The industry best practice for data backup is the 3-2-1 strategy, which states that you need 3 copies of the data, stored on 2 different storage media, 1 of which must be located off-site. This comprehensive backup strategy safeguards your data from a wide array of risks including the loss of location due to a natural disaster. Whatever backup strategy you come up with, you must ensure that it is tested periodically to verify that the backup, as well as recovery process, works as designed.
6. Use Raid On Your Servers
RAID is a very useful tool that helps protect against system downtime and data destruction. RAID, which stands for redundant array of independent disks, allows servers to have multiple hard drives so that even if the main hard drive fails, the server will keep functioning. In RAID, the data is distributed across the drives in levels ranging from RAID 0 to RAID 6. Each RAID level provides different levels of redundancy and performance.
7. Use Endpoint Security
Endpoint security is a defense at the place where it’s needed the most, i.e. those employees who do the stupid things that the IT security team tells them to avoid. To be honest, when employees are busy or preoccupied, it can be difficult to avoid clicking on dubious URLs, or opening attachments, especially since cyberattacks are becoming increasingly complex and difficult to stop. And that is why it is absolutely essential to have endpoint security on each device.
Endpoint security solutions secure the entry points of devices such as desktops, laptops, etc. from cybersecurity threats. Endpoint security tools started off as antivirus and have evolved into a tool that provides more comprehensive protection from sophisticated attacks such as malware, zero-day exploits, etc. By securing the endpoints, i.e. the entry points to your network, you limit the possibility of unauthorized access to your network and data.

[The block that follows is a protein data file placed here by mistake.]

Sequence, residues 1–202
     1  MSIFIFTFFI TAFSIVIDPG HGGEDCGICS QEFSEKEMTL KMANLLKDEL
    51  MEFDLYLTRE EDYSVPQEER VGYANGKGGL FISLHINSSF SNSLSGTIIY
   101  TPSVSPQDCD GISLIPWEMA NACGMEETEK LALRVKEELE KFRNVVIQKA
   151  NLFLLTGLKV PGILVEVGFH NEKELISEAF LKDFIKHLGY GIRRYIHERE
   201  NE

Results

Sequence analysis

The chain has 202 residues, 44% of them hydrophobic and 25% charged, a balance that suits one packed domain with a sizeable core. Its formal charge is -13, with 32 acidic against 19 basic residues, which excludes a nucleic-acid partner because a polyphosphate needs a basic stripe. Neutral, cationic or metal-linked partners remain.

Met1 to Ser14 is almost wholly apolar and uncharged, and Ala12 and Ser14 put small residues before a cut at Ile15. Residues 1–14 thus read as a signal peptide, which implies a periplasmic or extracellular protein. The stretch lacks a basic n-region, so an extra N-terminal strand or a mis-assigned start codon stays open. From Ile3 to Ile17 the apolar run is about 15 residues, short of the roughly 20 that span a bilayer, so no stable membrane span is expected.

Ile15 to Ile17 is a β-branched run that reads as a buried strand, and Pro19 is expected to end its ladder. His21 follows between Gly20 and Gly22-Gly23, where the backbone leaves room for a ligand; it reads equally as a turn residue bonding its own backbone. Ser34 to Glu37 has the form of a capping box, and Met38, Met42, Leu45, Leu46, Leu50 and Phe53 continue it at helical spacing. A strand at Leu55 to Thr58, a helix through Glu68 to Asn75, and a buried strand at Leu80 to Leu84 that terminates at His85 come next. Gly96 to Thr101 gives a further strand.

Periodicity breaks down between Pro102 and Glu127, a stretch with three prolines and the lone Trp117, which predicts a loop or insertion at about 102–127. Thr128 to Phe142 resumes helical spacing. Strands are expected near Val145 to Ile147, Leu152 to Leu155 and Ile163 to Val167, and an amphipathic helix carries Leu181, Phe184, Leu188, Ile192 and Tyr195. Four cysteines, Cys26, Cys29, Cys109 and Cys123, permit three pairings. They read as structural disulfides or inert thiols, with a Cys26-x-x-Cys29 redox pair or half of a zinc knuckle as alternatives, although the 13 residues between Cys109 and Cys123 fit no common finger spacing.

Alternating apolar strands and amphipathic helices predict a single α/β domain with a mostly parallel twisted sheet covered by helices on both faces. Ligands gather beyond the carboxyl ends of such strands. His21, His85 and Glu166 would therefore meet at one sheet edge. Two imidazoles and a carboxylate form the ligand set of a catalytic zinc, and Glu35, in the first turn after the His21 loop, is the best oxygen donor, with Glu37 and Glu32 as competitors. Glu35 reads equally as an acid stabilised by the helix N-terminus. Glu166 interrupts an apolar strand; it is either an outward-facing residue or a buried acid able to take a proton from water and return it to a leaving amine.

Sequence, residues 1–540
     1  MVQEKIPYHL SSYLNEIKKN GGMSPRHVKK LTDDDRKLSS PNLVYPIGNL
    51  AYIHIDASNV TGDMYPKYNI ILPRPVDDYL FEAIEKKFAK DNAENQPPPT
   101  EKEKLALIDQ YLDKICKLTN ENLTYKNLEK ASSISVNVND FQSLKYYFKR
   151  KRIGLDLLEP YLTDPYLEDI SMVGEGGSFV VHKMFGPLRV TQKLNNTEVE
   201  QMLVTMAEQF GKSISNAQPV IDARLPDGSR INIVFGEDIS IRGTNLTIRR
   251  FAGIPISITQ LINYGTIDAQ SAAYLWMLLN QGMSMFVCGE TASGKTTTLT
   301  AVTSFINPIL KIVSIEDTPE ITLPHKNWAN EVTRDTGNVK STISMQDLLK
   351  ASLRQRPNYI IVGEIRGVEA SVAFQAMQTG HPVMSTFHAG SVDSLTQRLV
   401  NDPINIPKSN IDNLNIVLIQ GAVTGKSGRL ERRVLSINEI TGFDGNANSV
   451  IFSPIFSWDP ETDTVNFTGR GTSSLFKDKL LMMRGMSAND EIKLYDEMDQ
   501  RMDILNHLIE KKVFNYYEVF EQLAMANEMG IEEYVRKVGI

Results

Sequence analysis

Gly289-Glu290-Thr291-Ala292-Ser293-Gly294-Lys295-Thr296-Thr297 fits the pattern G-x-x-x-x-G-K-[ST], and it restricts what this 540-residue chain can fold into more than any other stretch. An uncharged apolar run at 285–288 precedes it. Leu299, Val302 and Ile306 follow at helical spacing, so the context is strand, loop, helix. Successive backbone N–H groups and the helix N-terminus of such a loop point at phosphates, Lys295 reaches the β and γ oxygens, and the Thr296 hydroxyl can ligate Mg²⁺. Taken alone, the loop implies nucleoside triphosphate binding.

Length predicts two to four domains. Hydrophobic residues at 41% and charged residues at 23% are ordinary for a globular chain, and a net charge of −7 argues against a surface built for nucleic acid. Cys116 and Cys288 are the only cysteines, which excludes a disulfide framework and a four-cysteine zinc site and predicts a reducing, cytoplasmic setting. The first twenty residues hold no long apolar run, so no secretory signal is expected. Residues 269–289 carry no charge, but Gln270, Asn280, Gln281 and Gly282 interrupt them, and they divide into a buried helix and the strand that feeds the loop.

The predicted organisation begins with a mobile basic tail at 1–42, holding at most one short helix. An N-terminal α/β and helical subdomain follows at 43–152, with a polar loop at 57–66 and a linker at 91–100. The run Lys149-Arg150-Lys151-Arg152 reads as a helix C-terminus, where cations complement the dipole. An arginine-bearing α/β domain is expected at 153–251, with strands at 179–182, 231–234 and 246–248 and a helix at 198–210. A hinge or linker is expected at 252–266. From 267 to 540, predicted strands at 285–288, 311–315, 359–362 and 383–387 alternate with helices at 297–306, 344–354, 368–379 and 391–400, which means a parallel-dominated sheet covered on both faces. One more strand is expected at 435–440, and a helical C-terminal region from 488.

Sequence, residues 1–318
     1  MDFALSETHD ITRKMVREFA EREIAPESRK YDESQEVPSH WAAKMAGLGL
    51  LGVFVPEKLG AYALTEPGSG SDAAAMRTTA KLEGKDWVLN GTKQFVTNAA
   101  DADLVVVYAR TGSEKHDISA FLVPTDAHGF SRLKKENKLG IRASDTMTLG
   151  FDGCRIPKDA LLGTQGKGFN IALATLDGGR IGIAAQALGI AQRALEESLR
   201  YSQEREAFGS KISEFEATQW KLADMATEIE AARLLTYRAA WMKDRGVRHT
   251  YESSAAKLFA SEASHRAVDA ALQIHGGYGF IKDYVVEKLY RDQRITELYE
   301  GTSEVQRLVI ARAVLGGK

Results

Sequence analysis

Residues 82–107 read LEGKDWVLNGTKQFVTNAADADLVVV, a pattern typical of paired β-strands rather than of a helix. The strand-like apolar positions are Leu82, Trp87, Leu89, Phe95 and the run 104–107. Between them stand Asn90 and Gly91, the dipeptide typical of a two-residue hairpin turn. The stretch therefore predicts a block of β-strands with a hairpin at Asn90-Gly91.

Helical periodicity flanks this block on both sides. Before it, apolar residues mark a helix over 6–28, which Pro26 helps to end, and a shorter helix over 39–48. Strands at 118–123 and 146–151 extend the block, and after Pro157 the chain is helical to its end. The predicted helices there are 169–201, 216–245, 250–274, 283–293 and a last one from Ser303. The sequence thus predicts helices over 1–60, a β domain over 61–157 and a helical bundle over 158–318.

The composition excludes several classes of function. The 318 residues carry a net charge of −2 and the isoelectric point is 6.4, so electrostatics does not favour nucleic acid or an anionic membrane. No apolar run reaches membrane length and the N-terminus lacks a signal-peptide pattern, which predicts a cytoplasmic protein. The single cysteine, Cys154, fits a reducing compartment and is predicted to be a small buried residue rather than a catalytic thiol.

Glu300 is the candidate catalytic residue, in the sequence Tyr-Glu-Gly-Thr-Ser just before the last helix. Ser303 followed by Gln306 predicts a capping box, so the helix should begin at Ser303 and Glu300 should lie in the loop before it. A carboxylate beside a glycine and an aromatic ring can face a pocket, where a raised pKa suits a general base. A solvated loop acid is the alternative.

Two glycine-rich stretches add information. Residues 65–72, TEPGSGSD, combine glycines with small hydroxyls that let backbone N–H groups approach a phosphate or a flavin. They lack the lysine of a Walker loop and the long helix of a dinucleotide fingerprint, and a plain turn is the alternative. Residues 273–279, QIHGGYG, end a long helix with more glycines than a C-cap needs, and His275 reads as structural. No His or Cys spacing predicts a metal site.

8. Be Vigilant Of Insider Threats
Insider threats are some of the most rapidly growing threats to data security. These threats are often overlooked because most of the time they may not be carried out maliciously. Negligent behaviors and errors, which are also insider threats, can result in a data breach or data destruction resulting in regulatory fines, loss of reputation, and loss of revenue.
Here are some examples of insider threats:
Copying sensitive customer data to a removable storage media
Theft of storage drives containing confidential data
Clicking on links in phishing emails
Errors in the configuration of network devices such as firewall, switch, etc.